• Greg Stevens says:

      Oh wow…. Self confidence about appearance and self worth isn’t even something we touched on…. Maybe we should have! Can it be damaging for someone to not consider evidence pertaining to their own attractiveness? That is almost an impossible question to ask, but I think if you can get past the indignation of people getting offended, it actually IS a scientifically legitimate question. Some people are more normatively attractive than others…. Does it matter if your view of yourself does or does not accept evidence about how normatively attractive you are?

      Interesting question… Filled with landlines! I don’t know the answer.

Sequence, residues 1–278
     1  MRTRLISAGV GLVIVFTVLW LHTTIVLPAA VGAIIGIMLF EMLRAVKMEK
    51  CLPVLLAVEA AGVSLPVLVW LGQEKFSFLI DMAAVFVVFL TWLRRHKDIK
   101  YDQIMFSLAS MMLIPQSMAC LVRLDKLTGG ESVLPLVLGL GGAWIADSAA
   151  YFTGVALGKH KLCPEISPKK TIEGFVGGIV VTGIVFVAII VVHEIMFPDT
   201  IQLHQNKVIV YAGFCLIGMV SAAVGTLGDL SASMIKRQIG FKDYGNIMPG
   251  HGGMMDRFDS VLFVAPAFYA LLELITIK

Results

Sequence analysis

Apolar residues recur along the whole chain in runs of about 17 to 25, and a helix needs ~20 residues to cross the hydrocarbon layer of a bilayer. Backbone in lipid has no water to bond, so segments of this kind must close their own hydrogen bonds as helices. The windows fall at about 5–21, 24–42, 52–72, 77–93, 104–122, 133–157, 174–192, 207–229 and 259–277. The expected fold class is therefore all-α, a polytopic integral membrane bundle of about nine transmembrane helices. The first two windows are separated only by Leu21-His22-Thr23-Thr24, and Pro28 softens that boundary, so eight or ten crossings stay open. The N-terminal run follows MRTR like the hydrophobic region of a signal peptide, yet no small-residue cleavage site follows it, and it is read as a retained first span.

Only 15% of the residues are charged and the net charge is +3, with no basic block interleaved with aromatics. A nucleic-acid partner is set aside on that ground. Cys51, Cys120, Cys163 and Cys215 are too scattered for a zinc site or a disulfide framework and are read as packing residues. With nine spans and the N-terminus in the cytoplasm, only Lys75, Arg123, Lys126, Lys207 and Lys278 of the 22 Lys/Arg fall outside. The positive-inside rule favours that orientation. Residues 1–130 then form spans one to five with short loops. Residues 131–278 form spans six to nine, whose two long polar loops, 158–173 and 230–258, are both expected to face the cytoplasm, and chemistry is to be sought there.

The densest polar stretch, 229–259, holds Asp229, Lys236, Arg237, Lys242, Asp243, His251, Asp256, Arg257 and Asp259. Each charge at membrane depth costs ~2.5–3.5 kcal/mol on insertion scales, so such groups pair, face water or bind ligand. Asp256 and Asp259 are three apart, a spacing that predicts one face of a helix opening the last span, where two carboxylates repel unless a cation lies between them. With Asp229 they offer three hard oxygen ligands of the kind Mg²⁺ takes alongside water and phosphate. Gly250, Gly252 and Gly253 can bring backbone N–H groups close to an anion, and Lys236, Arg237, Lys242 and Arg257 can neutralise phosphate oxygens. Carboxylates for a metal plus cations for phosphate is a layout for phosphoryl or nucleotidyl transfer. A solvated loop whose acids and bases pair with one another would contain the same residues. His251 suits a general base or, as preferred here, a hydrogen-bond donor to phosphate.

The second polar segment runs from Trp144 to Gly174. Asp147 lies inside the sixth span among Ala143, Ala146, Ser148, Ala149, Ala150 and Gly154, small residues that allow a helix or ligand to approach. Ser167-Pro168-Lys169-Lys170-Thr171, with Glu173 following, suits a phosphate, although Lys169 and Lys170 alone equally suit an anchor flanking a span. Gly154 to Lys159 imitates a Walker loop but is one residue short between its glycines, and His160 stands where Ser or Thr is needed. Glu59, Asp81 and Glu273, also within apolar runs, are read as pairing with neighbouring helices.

3. Jay says:

    I think you should leave people alone and let them believe what they want to believe. That’s just my opinion.

    • Greg Stevens says:

      I don’t think anybody cares about beliefs that literally have no impact on anyone besides yourself. But when your beliefs affect me it becomes my business.

  4. Chris C says:

    There are some good points here and I’ve thought about a lot of this stuff before. I think people think religious beliefs are somehow protected and don’t need evidence but they should. Believing something just because you like it or it makes you feel better isn’t just illogical it can lead to terrible decisions that harm yourself and others.

    • Greg Stevens says:

      Well, I agree with that. I mean it’s a very fine line to walk, I suppose. Believing in something just because the idea appeals to you can lead to terrible decisions… but it doesn’t always have to. I guess it goes back to finding a middle ground, like what Josiah talks about as “hoping for the best but preparing for the worst.”

  5. me says:

    LOL how do you look hot even when you make that face? haha